Get all your money, cash, and cards sorted before you fly
An important part of any trip preparation is planning your budget. Here are some of the key things to think about to ensure you don’t run into any issues with money while on tour:
- Getting started
The Euro is used in most tour destinations in Europe.
It is recommended to change from USD to Euros to have enough the first day and then use the ATM from that point on.
If possible, avoid changing USD to Euros at exchange service points as they charge an extra fee (less favorable conversion rate).
- Optional excursions
Many trips offer a limited number of optional excursions or field trips. You pay for them before you leave, so they don’t need to be a part of your out-of-pocket budget on the trip. However, keep in mind that your Tour Manager may have ideas for extra excursions during your trip so you should also allow a little extra in your budget.
- Budgeting – How much will you need?
Spending money depends on personal habits and how long you’ll be abroad, but a good rule of thumb is $500 per week. This covers lunches, snacks, soft drinks, postage, souvenirs, free-time activities, optional excursions, and local transportation during free time.
- Tipping – Tour Manager and Drivers
It is recommended that you tip your full-time Tour Manager, bus drivers and local guides if you feel you have received good service. If their performance is outstanding, it is customary to tip in the range of $7 per person per day for the Tour Manager, $4 per person per day for the full time driver and $3 per person for your local guides. For ease of organization while on tour, your Group Leader may choose to organize the tips and collect them before your tour commences. Gratuities are at your own discretion at all times. If you wish to discuss tipping at any point either before or during your tour, your Group Leader will be able to answer any further questions that you may have.
- Credit & debit cards
You may obtain cash with your credit card or local bankcard at ATM machines. ATMs generally give a wholesale exchange rate, as much as 5% better than banks. Most big department stores and restaurants in major cities will take US credit cards, and these cards give you the best exchange rate.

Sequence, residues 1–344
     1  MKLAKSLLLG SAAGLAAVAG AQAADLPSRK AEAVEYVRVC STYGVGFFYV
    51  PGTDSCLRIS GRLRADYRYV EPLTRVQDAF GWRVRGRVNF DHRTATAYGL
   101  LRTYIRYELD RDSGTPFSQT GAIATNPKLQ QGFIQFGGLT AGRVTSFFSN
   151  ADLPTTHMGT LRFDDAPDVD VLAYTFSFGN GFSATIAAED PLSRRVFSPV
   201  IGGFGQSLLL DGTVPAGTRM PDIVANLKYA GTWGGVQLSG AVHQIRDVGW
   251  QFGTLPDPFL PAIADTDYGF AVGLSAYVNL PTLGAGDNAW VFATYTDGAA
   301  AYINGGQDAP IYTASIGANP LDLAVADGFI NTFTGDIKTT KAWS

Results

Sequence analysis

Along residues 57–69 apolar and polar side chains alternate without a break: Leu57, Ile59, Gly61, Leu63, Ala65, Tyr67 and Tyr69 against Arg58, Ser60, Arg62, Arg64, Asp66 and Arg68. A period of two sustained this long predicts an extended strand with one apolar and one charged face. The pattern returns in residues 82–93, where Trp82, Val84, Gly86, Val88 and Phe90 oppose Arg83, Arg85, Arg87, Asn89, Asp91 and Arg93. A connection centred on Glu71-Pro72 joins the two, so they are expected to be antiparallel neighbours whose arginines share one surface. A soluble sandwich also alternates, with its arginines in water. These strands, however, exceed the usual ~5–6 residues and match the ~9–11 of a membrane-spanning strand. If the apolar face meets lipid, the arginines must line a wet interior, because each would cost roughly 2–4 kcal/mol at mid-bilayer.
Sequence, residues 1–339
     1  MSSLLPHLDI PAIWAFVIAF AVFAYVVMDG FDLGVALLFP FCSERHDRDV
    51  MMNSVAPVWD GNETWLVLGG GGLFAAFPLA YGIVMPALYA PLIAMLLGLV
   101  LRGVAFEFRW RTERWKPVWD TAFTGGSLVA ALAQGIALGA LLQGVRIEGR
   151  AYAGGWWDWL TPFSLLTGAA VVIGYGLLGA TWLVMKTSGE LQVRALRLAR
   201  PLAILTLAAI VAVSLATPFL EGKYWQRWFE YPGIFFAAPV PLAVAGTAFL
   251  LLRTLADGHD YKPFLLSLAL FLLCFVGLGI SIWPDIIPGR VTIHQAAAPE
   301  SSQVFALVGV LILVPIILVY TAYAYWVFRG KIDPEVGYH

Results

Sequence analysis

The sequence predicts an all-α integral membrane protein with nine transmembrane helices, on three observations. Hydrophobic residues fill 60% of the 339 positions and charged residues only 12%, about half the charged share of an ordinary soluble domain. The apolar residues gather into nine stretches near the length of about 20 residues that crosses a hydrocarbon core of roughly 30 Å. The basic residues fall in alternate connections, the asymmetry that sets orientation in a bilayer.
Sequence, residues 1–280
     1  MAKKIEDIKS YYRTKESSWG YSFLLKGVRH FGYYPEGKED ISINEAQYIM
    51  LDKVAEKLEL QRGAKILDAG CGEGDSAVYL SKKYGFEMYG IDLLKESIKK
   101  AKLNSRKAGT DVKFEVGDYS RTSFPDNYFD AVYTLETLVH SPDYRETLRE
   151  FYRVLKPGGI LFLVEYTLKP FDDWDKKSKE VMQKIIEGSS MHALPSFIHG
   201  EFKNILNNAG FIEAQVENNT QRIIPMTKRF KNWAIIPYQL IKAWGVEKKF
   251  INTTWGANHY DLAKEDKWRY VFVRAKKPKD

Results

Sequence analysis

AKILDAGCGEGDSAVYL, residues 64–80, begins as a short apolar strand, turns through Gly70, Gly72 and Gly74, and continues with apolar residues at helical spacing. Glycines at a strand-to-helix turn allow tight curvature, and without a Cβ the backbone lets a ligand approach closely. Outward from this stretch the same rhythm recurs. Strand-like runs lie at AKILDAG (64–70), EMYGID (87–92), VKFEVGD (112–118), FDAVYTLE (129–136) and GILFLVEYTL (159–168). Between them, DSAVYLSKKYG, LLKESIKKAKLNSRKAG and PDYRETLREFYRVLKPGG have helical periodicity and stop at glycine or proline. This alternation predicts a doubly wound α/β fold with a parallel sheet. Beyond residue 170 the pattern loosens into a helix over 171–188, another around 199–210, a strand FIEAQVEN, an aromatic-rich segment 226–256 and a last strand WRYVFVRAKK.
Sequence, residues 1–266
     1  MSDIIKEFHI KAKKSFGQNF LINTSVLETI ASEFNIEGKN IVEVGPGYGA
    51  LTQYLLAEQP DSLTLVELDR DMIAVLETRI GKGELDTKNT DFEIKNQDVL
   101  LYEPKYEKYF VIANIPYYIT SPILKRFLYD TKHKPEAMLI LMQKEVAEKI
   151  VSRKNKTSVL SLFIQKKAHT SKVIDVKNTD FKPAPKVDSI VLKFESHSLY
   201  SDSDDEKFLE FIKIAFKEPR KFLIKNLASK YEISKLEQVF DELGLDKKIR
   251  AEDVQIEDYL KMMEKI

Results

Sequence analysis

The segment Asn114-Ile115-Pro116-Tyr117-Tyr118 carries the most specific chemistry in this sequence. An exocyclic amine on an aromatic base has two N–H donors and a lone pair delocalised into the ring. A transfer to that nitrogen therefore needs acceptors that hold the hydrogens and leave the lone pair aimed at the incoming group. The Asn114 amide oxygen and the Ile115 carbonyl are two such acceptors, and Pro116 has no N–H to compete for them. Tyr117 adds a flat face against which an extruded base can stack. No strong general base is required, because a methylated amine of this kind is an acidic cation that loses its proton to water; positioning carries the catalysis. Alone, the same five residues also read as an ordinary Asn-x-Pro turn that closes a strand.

Be sure to memorize your 4-digit personal identification number (PIN) to use your bankcard. Plus, check with your bank or credit card issuer to make sure your card is compatible with international ATMs.
If you don’t already have a PIN number for your credit card, you’ll have to call to get one. If a logo for PLUS or CIRRUS is on the back of your credit card or bankcard, you can probably use the card for cash at ATMs. These are the major money networks overseas. Call either PLUS (1-800-843-7587) or CIRRUS (1-800-424-7787) for ATM locations around the world.
- Foreign currencies
The Euro, the single currency of the European Monetary Union, began circulation on January 1, 2002. The Euro has replaced the national currencies of Austria, Belgium, Cyprus, Estonia, Finland, France, Germany, Greece, Ireland, Italy, Latvia, Lithuania, Luxembourg, Malta, the Netherlands, Portugal, Slovakia, Slovenia, and Spain. Within the United Kingdom, British Pounds are used. Local currencies also apply in Scandinavia (except Finland) and in Czech Republic (Prague).
- Coins don’t exchange
Foreign countries generally don’t exchange coins (either US or foreign); only banknotes are convertible. Leftover foreign coins in your pocket are good souvenirs for family and friends or can often be donated to charity bins in airport departure lounges.
- Changing back into USD
The rate going back to USD will not be as favorable as going into foreign currency, so try to avoid having large amounts of foreign cash left over.
- Keeping safe
Your common sense will take you a long way. Never leave money in your hotel room. Check your money, passport and other valuables in a hotel safe when available. Use a money belt or neck pouch for carrying money. Strap purses and cameras diagonally across, not over your shoulder, and preferably under your clothing. It is a good idea to leave expensive cameras, fancy sound equipment and jewelry at home. The maximum benefit payable for lost electronic/photo equipment according to your insurance coverage may not be more than $200-300. In the event that valuables are lost, you must have a police report to be covered by your insurance. The best advice is: “If you can’t bear to lose it, don’t bring it.”